Reagan Abbiss was hired as COO. This year marked a pivotal crossroads for Goodland. Goodland is reflecting on the past and has redefined Goodland's Mission, Values & Vision to form strategic direction for the future. Goodland Academy is working on rebuilding new programs to fit the needs of todays young people. Abbiss is evaluated the current building conditions in order to preserve the historic school house, basketball gym and other fundamental buildings.  Abbis, her husband and two children lived on campus. Abbiss and her family departed after a year. Abbiss and her husband Joe made much needed improvements to the campus and made way for new leadership.


On 7-14-2023 the Goodland Board of Trustees named Chris Scott as CEO of Goodland Academy effective immediately. The vote was unanimous across the board.  Chris's Interim period was for 3 months and he has made dramatic improvements on campus. There are more kids on campus to serve and several building renovations are taking place! Chris is in the process of creating more partnerships to fulfill future programs.


The Goodland Board of Trustees is honored and humbled to be apart of the decision to name Chris Scott as CEO. Through many prayers and due diligence the board is confident with this decision. As we continue with God's work we pray for this campus, the children we serve and Chris's family.


A brief on the humble beginnings of Goodland:

According to Ruby Wile, author of "Yakni Achukma, The School with a Soul".

"Goodland's real significance, however, rests in qualities other than these distinctions. Unlike several other Indian boarding schools whose only apparent goals were forced assimilation and the complete eradication of Indian culture, Goodland took the unique position of welcoming all tribes, working diligently to blend each child's indigenous beliefs with the new teachings of his white neighbors. Although assimilation was indeed part of the school's intent, the basic idea that motivated five generations of Presbyterians was to help the Indian children learn to function in a Christian world while maintaining a strong degree of reverence for their native culture. They accomplished that goal through love, education, and physical labor. All children who passed beneath the stone archway were valued and kindly treated." Please see LINK to a detailed account of the Goodland Mission.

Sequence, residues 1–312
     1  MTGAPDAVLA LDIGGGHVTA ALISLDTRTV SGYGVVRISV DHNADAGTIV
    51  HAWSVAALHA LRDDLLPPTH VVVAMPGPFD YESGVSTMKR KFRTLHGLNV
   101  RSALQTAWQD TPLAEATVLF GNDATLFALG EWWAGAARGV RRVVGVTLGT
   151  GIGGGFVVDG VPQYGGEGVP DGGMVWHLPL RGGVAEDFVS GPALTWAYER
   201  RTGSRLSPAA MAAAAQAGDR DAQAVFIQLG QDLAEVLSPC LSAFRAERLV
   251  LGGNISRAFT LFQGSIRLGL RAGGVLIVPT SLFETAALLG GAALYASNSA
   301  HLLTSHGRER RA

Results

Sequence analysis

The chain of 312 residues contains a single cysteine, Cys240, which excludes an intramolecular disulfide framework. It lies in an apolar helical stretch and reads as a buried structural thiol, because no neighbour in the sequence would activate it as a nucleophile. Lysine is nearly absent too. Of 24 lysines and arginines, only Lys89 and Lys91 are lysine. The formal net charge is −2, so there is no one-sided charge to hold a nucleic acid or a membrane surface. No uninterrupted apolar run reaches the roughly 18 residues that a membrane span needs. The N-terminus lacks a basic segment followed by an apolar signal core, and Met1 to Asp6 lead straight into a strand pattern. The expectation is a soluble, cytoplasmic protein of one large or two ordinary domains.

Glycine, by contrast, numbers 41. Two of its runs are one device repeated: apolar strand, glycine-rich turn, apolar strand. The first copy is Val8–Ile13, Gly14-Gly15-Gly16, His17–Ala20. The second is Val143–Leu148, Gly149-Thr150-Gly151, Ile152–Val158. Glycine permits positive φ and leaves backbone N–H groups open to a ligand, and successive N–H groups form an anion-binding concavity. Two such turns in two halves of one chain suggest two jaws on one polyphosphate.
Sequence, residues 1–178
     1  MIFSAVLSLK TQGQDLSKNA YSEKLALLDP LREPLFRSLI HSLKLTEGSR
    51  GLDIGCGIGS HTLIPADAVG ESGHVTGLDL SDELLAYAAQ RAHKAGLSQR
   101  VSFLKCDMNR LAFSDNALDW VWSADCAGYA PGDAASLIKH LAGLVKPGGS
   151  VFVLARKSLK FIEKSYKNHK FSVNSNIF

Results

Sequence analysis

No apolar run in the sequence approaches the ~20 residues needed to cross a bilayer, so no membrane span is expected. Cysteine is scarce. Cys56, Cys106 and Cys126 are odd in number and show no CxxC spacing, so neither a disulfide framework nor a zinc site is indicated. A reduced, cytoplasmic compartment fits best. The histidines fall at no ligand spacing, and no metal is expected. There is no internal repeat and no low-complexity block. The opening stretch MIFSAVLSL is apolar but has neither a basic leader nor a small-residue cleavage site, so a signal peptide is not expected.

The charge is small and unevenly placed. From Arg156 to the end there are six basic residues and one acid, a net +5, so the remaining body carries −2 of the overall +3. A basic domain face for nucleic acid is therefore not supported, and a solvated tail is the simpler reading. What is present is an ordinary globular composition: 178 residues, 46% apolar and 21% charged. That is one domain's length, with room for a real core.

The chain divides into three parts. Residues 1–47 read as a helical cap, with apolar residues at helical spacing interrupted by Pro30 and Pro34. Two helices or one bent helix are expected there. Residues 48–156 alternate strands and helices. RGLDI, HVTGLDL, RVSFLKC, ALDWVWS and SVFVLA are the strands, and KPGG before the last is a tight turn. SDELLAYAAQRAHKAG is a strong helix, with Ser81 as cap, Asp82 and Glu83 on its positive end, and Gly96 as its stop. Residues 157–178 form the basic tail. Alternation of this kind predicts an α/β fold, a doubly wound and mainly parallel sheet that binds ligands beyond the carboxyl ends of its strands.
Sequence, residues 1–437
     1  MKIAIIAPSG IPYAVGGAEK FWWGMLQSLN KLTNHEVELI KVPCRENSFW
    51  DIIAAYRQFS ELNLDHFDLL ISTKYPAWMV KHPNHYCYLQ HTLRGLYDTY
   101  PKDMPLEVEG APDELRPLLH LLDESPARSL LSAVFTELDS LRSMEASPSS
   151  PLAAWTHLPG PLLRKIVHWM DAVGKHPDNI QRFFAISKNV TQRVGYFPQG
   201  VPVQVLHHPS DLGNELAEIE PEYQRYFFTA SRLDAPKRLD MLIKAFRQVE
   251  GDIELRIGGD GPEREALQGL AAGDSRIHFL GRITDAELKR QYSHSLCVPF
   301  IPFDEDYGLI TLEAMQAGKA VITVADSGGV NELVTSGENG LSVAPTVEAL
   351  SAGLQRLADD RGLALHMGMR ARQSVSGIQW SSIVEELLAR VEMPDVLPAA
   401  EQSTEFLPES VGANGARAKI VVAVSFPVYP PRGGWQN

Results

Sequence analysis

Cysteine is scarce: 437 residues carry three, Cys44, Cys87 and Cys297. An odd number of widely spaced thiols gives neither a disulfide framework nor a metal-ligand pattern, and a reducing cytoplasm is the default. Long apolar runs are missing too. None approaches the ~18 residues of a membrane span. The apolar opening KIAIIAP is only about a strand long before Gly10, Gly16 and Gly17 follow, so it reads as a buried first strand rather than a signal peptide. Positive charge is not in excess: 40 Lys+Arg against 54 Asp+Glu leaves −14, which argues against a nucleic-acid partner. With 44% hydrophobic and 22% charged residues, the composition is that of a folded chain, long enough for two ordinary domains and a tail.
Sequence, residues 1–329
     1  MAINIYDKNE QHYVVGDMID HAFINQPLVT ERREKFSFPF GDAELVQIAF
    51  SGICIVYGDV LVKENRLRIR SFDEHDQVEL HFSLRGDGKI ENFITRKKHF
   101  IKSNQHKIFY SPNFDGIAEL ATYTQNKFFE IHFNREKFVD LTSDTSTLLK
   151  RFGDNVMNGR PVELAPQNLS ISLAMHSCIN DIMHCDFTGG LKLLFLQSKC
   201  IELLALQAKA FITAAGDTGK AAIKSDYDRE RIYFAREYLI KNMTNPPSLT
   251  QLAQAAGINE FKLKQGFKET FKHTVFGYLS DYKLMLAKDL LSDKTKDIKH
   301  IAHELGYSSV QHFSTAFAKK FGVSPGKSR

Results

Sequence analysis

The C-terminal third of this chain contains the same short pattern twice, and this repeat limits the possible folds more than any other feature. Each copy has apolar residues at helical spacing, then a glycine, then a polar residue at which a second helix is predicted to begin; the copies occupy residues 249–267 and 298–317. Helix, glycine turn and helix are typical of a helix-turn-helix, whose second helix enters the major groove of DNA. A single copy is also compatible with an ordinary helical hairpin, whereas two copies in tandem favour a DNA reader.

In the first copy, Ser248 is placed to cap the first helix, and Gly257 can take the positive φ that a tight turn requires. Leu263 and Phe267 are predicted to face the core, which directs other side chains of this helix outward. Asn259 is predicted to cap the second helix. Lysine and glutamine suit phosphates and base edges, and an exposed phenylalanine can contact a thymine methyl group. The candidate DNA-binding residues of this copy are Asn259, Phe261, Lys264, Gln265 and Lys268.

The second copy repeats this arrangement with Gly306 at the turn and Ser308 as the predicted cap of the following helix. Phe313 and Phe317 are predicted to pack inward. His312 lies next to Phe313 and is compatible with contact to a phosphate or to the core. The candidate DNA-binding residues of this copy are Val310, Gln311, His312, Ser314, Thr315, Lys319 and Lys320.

Goodland Academy is completely funded by individual donations without any federal or state funding. Goodland receives donations from a variety of generous donors . Goodland  also receives donations from numerous churches and organizations, including the Choctaw Nation.